This week, Joshua Cohen and Justin Taylor exchange ideas around book promotion, materials of writing, and the devolution of the author. This post is a response to Josh’s post from yesterday.
“The artist makes the tool until the tool makes the artist”—this is undoubtedly true, and it complicates the argument I was trying to advance with my perhaps somewhat pat examples, but I’m not sure that my entire line of thinking is negated by the admission that the relationship between the user and what he uses is one of reciprocal modification. I don’t share your sense that the computer has an ineluctable aura of “business” about it. Growing up, there was almost always a computer in my house. I can say with something like complete confidence that I was the first of my childhood friends to ever go online—onto Compuserve, via a 14400 baud modem that we hooked into the house’s only phone line. I also played a lot of video games as a kid, mostly on consoles, because we only had one computer—it lived in the family room—and my father was very wary of any activity that might damage it (keyboards don’t stand up to punishment quite the same way Nintendo controllers do). Later, when I got my own computer in my very own room, the feeling was not unlike getting my first stereo, or, for that matter, my first little writing desk. What I mean is that it didn’t feel limiting, it felt freeing.
Here was something that was all mine that I could use however and for whatever I wanted to without asking permission, waiting my turn, or having someone look over my shoulder while I did it. The computer was an extension of the bedroom itself—another space, this one virtual, over which I had exclusive dominion, could personalize after my own taste, and which expanded the range of work and play activities available to me. I’m not sure I’ve ever quite gotten over that feeling. I know so many writers who say that they can’t work at home, so they go to coffee shops, libraries, even pay to rent office space—this is a problem I’ve never had. When Amanda and I got this apartment back in February it came with a home office. This is probably the first time in my writing life that there hasn’t been a direct sightline to my workspace from my bed. A good thing, to be sure, but it’s taken a while to get used to.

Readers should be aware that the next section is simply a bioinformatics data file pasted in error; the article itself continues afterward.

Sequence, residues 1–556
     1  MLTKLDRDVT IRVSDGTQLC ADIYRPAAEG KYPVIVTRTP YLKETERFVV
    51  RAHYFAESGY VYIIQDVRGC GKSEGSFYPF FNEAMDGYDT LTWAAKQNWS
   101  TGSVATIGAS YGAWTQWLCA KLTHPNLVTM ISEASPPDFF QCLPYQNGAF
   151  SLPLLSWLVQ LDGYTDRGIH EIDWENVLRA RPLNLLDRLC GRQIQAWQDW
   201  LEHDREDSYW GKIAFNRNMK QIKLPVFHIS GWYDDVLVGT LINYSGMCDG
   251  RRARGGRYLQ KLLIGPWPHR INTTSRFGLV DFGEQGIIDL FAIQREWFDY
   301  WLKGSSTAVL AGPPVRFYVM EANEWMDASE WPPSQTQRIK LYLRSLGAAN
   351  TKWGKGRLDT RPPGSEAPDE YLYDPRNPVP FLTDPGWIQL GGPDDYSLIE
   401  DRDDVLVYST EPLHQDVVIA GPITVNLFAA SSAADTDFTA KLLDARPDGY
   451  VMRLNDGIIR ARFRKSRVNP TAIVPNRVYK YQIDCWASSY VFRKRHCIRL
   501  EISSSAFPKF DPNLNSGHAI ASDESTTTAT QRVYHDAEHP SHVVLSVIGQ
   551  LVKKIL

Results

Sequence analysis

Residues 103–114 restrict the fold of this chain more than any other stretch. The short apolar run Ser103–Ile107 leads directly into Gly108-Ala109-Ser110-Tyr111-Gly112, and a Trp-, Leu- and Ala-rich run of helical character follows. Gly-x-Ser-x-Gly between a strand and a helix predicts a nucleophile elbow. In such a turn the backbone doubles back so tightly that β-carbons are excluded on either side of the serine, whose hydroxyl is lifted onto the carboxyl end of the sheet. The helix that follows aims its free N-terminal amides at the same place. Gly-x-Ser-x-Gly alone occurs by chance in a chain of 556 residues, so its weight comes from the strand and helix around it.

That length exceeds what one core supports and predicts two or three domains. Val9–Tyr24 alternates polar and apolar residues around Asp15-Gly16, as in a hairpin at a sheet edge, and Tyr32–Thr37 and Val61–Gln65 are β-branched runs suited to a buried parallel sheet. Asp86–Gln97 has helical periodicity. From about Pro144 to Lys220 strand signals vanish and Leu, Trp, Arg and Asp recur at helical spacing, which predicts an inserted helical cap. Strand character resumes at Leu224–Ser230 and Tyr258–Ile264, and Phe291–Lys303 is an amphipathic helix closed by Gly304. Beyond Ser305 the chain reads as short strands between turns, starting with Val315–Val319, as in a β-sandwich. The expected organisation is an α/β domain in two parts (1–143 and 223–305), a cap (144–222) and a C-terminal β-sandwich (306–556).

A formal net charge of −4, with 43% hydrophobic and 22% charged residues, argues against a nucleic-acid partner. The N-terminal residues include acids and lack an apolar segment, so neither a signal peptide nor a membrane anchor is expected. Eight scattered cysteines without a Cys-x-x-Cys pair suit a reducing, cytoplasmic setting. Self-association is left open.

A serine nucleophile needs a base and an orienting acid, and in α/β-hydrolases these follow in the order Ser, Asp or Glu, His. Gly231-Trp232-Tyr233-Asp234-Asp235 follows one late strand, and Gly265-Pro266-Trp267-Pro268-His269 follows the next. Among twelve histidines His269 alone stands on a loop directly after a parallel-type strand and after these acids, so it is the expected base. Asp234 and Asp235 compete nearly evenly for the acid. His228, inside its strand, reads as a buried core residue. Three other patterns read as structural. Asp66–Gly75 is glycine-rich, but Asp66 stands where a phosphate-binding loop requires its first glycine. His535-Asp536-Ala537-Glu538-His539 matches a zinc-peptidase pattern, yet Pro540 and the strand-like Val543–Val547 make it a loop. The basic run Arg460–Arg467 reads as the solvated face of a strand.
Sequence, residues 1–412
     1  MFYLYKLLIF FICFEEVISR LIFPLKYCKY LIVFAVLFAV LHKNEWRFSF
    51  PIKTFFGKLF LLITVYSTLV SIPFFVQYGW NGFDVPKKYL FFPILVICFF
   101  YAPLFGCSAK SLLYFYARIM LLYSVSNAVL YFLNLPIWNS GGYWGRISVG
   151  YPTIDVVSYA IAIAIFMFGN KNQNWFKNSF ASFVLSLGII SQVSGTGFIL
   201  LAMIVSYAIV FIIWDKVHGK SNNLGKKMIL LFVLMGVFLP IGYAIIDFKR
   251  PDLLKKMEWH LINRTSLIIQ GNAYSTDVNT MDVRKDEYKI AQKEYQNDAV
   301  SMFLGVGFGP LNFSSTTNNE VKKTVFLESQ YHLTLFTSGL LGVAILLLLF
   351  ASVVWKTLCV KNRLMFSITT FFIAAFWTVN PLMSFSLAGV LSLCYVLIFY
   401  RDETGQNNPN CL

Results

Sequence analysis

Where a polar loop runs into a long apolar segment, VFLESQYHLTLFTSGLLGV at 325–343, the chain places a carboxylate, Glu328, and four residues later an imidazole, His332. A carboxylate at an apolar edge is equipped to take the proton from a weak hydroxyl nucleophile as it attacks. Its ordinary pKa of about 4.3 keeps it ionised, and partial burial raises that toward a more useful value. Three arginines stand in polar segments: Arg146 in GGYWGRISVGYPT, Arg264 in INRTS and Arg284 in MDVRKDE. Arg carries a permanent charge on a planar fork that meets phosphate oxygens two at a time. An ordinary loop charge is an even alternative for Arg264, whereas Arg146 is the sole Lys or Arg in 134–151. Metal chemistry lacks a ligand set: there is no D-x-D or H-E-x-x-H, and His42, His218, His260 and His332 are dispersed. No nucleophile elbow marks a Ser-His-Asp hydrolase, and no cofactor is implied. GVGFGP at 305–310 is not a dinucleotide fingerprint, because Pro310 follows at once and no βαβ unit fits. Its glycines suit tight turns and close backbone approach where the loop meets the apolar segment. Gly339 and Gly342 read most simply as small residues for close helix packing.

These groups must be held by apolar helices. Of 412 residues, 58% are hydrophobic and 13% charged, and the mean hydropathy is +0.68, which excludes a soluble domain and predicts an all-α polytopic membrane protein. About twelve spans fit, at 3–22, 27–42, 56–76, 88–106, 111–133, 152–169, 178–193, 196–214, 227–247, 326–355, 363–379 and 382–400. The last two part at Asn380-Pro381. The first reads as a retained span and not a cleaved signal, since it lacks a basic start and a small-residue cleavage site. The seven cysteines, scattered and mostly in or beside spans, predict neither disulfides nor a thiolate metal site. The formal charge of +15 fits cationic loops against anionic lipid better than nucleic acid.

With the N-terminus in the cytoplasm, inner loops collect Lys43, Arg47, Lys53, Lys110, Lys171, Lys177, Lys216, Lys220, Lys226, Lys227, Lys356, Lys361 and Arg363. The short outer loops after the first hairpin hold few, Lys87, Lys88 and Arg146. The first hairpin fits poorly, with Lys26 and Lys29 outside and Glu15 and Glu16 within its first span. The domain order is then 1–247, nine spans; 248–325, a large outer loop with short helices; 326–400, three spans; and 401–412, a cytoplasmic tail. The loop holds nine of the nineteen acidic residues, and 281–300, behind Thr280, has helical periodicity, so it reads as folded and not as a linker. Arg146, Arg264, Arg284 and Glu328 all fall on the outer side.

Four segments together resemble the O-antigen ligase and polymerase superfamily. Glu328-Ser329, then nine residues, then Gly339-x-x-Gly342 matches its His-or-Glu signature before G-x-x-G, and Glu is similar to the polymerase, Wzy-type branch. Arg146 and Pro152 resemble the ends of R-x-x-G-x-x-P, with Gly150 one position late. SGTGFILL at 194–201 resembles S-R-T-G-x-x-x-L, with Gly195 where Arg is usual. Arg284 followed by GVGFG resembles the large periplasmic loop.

None of which is to say that I’m unambivalent about the computer, only my ambivalence locates itself elsewhere than where yours seems to. My last year of high school I spent a lot of time online—in part because I was feeling very done with my hometown and in part because better technology made more things possible and I was interested in seeing what they were. I IM’ed with people I could have just as easily been on the phone with, I hung around Grateful Dead message boards looking for people to trade tapes with (cassette tapes!—sent through the U.S. mail). I downloaded lots of dirty pictures, and I played a massive-multiplayer online role playing game, where you had to team up with strangers you met in the virtual fantasy world and fight an unending battle against whatever was around. This, to me, is an example of “the tool making the user”—I felt it and could acknowledge it even as it was taking place—but I’ve switched my “user” back in for your “artist” because I’m not sure whether the re-making effect ever extended to my art. If I were writing a memoir, I might speculate at length about the effect of the computer on various aspects of my life (sexual, social, etc.) but suffice here to say that once I got to college, re-situated in a place and with a group of people I liked, whose artistic and political interests I either shared or adopted, I stopped doing most of the aforementioned online activities, because the point of all that shit had been to assuage loneliness and/or pass time, and now I had places to go and people to see.